Some people have mentioned the economy. Actually the game industry does better when the economy is bad. (More people buy games looking to escape their troubles.) If you look at past revenue figures, the gaming industry has always thrived during hard times. Just look at the past sales number of the past three years in the US. It's not piracy either. Operation Buccaneer and the recent closure of many pirate groups have put the finger in the dyke so to speak, but piracy is something the industry has lived with for twenty years. There hasn't been any discernable increase in piracy that would affect sales this much, especially when it comes to consoles.

    If you really want something to gloom and doom about, I'd seriously pay attention to the SEC probes of gaming companies. That has some serious implications. Fact is come Christmas sales records will be broken and you'll forget that you ever saw this article.

  • It's like comparing this month's movie box office to last year's for the same month.

    It's all about what was released. Last year's June had bigger/better releases than this month.

    In general, though, the the trend for game buying is up and doesn't show any sign of stopping.

  • It probably doesn't help that the two biggest selling games last month (according to the article) Enter The Matrix and the new Tomb Raider, were two of the biggest dissapointments in video games in years.

    Had those two games lived up to the hype instead of being merely average, I bet overall sales would have been a lot better.

    • Agreed. I find it utterly depressing that games like that sell so well.

      Ultimately, you end up with a large number of people that think "hey, this is what a game is *supposed* to be like," and start a downward spiral of expectations and quality. (Hollywood, anyone?)

      --Jeremy
  • "The best-selling game in the month by units sold, analysts said, was Atari's mid-May release "Enter the Matrix'' for the PS2, followed by Eidos's "Tomb Raider: Angel of Darkness,'' also for PS2, data showed."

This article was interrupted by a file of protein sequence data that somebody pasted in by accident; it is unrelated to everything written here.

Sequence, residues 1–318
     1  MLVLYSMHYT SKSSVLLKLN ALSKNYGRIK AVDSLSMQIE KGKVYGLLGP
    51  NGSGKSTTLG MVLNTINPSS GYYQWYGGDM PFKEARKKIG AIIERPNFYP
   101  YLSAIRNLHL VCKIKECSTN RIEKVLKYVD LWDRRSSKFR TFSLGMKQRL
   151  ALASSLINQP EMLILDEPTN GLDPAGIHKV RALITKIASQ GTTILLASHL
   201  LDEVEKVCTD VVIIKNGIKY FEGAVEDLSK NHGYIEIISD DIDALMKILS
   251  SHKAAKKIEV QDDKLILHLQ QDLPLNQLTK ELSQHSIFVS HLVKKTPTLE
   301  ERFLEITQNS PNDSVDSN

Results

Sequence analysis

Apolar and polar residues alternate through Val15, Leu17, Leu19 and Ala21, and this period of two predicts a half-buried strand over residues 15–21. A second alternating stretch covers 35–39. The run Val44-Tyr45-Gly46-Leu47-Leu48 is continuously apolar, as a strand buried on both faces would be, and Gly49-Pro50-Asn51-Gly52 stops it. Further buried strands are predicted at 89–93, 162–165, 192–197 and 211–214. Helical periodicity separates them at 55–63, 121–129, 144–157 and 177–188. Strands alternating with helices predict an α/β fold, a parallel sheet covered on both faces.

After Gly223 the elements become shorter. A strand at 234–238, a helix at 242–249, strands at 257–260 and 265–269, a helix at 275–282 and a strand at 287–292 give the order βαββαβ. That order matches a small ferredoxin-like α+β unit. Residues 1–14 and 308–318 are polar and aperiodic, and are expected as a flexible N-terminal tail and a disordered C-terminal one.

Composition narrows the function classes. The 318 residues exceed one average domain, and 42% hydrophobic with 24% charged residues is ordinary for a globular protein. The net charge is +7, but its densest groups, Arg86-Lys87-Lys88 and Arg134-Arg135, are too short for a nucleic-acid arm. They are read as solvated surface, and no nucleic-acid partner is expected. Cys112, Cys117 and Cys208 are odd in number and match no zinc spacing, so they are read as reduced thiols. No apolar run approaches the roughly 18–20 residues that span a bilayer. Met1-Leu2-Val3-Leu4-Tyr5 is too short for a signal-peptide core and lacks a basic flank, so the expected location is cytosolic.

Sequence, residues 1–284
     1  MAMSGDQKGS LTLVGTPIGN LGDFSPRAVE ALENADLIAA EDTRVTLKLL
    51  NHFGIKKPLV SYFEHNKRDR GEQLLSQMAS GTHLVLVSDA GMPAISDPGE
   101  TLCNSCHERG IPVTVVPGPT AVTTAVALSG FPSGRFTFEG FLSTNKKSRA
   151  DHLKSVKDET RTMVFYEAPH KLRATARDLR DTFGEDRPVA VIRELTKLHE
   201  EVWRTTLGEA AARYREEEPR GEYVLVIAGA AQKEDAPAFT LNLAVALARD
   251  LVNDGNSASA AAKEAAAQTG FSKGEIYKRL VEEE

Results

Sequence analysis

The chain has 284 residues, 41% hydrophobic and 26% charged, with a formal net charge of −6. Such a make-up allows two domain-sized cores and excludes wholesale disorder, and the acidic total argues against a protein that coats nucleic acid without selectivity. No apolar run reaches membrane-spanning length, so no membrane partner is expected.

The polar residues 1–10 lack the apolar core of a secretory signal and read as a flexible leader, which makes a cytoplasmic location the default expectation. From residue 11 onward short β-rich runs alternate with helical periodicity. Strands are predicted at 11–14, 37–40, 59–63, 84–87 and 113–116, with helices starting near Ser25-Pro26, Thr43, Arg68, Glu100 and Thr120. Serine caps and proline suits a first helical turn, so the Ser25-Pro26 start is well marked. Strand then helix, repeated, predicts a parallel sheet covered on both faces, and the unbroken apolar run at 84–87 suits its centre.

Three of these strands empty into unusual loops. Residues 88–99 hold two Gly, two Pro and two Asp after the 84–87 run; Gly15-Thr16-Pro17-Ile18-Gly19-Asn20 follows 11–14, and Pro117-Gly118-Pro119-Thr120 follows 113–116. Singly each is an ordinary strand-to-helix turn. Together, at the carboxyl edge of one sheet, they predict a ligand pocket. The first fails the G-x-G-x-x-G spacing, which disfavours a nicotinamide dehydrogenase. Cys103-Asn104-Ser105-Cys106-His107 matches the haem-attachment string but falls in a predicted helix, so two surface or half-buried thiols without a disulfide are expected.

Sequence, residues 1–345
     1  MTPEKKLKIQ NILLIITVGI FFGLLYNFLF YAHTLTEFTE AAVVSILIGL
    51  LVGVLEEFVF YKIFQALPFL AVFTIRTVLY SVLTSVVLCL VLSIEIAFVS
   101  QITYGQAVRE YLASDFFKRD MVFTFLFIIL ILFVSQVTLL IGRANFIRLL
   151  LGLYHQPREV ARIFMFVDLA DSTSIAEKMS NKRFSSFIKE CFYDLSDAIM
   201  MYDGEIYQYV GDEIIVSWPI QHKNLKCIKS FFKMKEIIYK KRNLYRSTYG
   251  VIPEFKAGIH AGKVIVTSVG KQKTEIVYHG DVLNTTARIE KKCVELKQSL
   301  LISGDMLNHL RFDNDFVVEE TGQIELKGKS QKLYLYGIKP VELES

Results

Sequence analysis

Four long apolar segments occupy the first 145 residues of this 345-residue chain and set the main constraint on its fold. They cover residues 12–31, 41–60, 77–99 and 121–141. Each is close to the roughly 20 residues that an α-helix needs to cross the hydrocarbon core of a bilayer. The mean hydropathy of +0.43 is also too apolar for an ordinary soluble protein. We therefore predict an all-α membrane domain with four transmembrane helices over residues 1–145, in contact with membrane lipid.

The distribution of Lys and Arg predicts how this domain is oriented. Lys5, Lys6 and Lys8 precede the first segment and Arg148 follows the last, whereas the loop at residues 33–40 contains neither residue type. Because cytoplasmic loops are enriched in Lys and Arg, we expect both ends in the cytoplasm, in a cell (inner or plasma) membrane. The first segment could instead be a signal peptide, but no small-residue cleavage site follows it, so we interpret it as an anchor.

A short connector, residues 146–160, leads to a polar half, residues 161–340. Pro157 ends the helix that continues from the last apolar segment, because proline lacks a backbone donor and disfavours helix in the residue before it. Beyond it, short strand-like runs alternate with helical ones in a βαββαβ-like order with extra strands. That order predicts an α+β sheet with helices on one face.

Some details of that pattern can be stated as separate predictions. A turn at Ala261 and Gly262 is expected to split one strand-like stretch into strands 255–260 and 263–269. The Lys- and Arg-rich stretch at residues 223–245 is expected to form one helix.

When games of that extreme craptitude are best-sellers, well, no wonder sales are down. Where the hell is Zelda and Ikaruga? Why is it the worst games are always the ones that sell the best?

    Because the market has been saturated by non-gamers who wouldn't know a good game from a hole in the ground.
    • Do not underestimate brand recognition, cross-marketting and other strategies that have nothing to do with the actual product being sold.

      Lots of people know about Tomb Raider and The Matrix from the movies, and so will buy the game.

      Also, I've only seen Ikaruga in one store near me - it's not even in all the other stores in that chain either. Hardcore shooters haven't been doing well in the gaming market since...well, the SNES really. Casual and non-gamers aren't likely to buy these sorts of titles - esp
  • Maybe more people would purchase games if there were more new games. Yes there are tons of new games, but NEW games, meaning not bad sequals of decent games. I'm not really talking about DoomIII or HL2, since those have LARGE cult followings (hell, call it religion), and every PC gamer worth his salt is probably going to spring for one or the other, if they live up to expectations, and if said gamers have the upgrade cash. But PC games isn't really that big of a percentage of the overall gaming market, t
  • Just as music has fewer mega hits the gaming industry will too. There is more music out there than ever before so spreading out funds for music is more pervasive. I think this applies to games. If you look at the amount of games coming out these days, on any platform, you'll notice there are 1000's of choices to chose from. If you own multiple consoles, a pc, a handheld, and have to purchase games for each platform with the same amount of money you used to only buy for one console then you'll see why there
  • Sorry to say it, but I haven't seen a game worth buying in the last 2-3 months. Since I generally don't play FPS because of motion sickness problems and don't much care for monthly fee games like MMORPGs (if I want a giant chat room, I play a free MUD, or more often, just chat gaming on IRC or here).

    Everything that sounds even remotely promising has been reviewed as disappointment, so I haven't even bothered. I may pick up Medieval: Total War's Viking supplement if nothing shows up soon.